164 Marlborough is located on the SW corner of Marlborough and Dartmouth, with 315 Dartmouth to the east, across Dartmouth, 166 Marlborough to the west, 163 Marlborough to the north, across Marlborough, and 314 Dartmouth to the south.
164 Marlborough was designed by Henry Hobson Richardson and built ca. 1870 as the home of dry goods merchant Benjamin Williams Crowninshield and his wife, Katherine May (Bradlee) Crowninshield.
The land on which 164 Marlborough was built had originally been acquired from the Commonwealth of Massachusetts by building contractor George Wheatland, Jr., part of a larger parcel on which 164 Marlborough and 312-314 Dartmouth would be built. He originally contracted to purchase the land on April 10, 1869, and then entered into agreements with Katharine Crowninshield on August 23, 1869, and January 29, 1870, under which he agreed to sell her the lot for 164 Marlborough once she had completed building her house there. 164 Marlborough was completed in late 1870, the Commonwealth conveyed the land to George Wheatland, Jr., on November 15, 1870, and he conveyed the lot for 164 Marlborough to Katharine Crowninshield on December 15. 1870.
The original lot acquired from the Commonwealth by George Wheatland, Jr., had a frontage of 80 feet on Marlborough. On December 9, 1870, Eben D. Jordan purchased the lot immediately to the west from the Commonwealth, with a 25 foot frontage on Marlborough, and on December 15, 1870, he sold a 7 foot wide strip to George Wheatland, Jr. That same day, George Wheatland, Jr., sold the 7 foot strip at the west of 164 Marlborough to Katharine Crowninshield, increasing the frontage of her lot to 87 feet on Marlborough. On April 30, 1874, Eben Jordan sold the remainder of his lot, with a 17 foot frontage on Marlborough, to George Tyson, by then the owner of 314 Dartmouth, and on July 7, 1874, George Tyson sold the portion behind 164 Marlborough to Katharine Crowninshield, and the portion behind 312 Dartmouth to Catherine Fay, owner of 312 Dartmouth, increasing the east-west depth of each lot to 105 feet.
In the December 15, 1870, deed transferring the land to Katharine Crowninshield, George Wheatland, Jr., had agreed to restrictions on the dimensions of the houses he would build at 312-314 Dartmouth so that they would conform with the house already constructed at 164 Marlborough. That agreement also specified that nothing would be built on a small strip of land on Dartmouth Street, about 4.5 feet deep and extending about 7.3 feet at the face of the buildings on either side of the property line between 164 Marlborough and 314 Dartmouth.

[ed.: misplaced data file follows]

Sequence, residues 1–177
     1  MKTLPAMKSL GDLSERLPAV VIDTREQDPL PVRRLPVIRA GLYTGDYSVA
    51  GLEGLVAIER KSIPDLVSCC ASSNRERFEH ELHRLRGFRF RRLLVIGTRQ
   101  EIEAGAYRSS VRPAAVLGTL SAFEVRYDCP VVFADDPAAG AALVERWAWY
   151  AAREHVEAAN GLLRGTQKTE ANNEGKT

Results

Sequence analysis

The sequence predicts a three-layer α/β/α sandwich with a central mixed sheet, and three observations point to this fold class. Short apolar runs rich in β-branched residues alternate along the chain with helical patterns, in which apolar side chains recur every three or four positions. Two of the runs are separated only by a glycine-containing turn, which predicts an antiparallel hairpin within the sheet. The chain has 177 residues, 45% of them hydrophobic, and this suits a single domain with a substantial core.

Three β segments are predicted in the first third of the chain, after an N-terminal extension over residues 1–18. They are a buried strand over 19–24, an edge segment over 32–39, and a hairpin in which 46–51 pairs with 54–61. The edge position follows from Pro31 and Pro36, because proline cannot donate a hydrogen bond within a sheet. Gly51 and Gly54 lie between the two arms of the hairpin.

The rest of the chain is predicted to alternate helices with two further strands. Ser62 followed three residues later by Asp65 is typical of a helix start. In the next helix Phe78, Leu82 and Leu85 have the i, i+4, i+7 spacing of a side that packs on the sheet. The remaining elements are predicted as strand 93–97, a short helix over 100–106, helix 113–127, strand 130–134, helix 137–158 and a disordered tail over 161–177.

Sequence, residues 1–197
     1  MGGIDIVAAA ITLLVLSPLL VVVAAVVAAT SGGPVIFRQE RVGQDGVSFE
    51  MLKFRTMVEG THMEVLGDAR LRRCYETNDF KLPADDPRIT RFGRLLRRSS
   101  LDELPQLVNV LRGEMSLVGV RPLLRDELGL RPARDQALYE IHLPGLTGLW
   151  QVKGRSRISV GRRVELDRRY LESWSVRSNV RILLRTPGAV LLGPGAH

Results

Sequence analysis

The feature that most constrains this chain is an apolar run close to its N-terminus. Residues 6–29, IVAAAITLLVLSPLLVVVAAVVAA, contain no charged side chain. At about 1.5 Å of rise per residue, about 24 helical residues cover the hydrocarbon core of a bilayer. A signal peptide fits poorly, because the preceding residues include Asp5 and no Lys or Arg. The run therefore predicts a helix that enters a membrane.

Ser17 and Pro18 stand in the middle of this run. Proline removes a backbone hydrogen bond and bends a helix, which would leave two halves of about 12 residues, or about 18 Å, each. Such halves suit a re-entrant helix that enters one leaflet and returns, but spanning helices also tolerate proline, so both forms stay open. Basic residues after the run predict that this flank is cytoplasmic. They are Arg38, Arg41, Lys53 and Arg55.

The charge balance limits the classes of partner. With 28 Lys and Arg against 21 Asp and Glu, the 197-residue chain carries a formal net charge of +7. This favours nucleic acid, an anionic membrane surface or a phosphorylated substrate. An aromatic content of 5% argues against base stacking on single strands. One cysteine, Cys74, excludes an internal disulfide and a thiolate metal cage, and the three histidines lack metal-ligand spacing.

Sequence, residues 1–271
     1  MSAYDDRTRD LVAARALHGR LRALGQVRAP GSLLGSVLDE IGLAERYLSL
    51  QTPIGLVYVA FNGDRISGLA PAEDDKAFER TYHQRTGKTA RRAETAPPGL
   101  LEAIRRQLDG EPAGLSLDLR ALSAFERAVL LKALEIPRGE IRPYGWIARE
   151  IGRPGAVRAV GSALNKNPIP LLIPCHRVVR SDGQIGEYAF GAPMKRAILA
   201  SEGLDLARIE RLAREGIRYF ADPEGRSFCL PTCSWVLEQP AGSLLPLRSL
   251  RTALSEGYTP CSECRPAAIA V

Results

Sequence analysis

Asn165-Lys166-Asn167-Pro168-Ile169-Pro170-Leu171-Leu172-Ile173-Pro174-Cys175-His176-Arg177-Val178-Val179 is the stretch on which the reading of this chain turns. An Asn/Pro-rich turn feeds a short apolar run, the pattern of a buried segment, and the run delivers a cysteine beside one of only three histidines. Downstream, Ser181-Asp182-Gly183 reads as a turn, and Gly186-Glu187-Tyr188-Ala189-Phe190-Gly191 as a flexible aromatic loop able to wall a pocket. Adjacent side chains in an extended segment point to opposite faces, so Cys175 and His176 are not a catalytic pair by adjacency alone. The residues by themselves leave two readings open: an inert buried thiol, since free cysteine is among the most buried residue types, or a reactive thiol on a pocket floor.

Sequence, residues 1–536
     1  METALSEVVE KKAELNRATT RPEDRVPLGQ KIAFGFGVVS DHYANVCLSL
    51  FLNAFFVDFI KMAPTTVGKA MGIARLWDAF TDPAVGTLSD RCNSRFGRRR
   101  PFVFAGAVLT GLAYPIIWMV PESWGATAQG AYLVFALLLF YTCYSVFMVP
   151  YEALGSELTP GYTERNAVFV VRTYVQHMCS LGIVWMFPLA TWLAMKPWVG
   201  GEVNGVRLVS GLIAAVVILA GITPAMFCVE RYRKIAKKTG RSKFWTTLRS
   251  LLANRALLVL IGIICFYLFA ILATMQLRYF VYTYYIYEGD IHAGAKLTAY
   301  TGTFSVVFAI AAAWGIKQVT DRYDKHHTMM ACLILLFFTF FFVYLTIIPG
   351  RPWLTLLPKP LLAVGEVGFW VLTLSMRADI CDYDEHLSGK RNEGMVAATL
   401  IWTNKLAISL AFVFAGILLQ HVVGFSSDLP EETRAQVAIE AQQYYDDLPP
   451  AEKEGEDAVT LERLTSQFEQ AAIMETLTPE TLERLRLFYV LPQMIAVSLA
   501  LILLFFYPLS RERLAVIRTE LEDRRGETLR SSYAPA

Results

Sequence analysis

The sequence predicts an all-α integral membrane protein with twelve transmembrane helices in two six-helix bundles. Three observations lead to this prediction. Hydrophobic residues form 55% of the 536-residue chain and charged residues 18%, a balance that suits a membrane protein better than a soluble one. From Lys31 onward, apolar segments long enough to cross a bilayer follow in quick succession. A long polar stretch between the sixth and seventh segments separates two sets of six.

On January 12, 1872, after 312-314 Dartmouth were completed, their new owners and Katharine Crowninshield entered into an agreement confirming that the dimensional requirements in the earlier deeds had been met and extending in perpetuity the prohibition on building on the small strip between 164 Marlborough and 314 Dartmouth.
The various deeds and agreements also specified a five foot (later four foot) wide easement at the western edge of 312-314 Dartmouth providing access and drainage from all three properties to the alley.
Click here for an index to the deeds for 164 Marlborough.
After it was completed in 1870, Benjamin and Katharine Crowninshield made 164 Commonwealth their home. They previously had lived at 16 Brimmer. They also maintained a home in Marblehead.
During the 1884-1885 winter season, the Crowninshields were living elsewhere and 164 Marlborough was the home of Joseph Burnett, his wife, Josephine (Cutter) Burnett, and their unmarried son, Harry Burnett. They had lived at 321 Dartmouth during the previous season.
Joseph Burnett was a chemical manufacturer and maker of flavoring extracts. He owned Deerfoot, a large summer estate and dairy farm in Southborough. In 1860, he had donated the Church of St. Mark’s in Southborough, and in 1862, he founded St. Mark’s School in association with the Church.
By the 1885-1886 winter season, the Burnetts had moved to 61 Commonwealth, and 164 Marlborough had become the temporarily location of the Algonquin Club. In November of 1888, it moved to its new permanent location at 217 Commonwealth and thereafter 164 Marlborough was once again the Crowninshields’ home (they had been living to 209 Beacon).
Benjamin Crowninshield died in January of 1892 in Rome. Katharine Crowninshield continued to live at 164 Marlborough and in Marblehead until her death in August of 1902. In her will, she left bulk of her estate, including 164 Marlborough, in equal shares to their four children: Bowdoin Bradlee Crowninshield, Francis Boardman Crowninshield, Benjamin Williams Crowninshield, Jr., and Katherine Bradlee Crowninshield.
During the 1902-1903 winter season, 164 Marlborough was the home of Isaac Tucker Burr, Jr., a banker and broker, and his wife, Alice McClure (Peters) Burr. They previously had lived in Milton. By the 1903-1904 winter season, they had moved to 127 Commonwealth.
In May of 1903, the Crowninshields’ son, Francis Boardman Crowninshield, acquired his three siblings’ interests in 164 Marlborough, and he and his wife, Louise Evelina (duPont) Crowninshield, made it their Boston home. They also maintained homes at Peaches Point in Marblehead, in Boca Grande, Florida, and at the duPont family estate, Eleutherian Mills, north of Wilmington, Delaware.
Pauline C. Metcalf, in Ogden Codman and the Decoration of Houses, indicates that Ogden Codman, Jr., provided Francis Crowninshield with interior decoration services at 164 Marlborough between 1903 and 1910.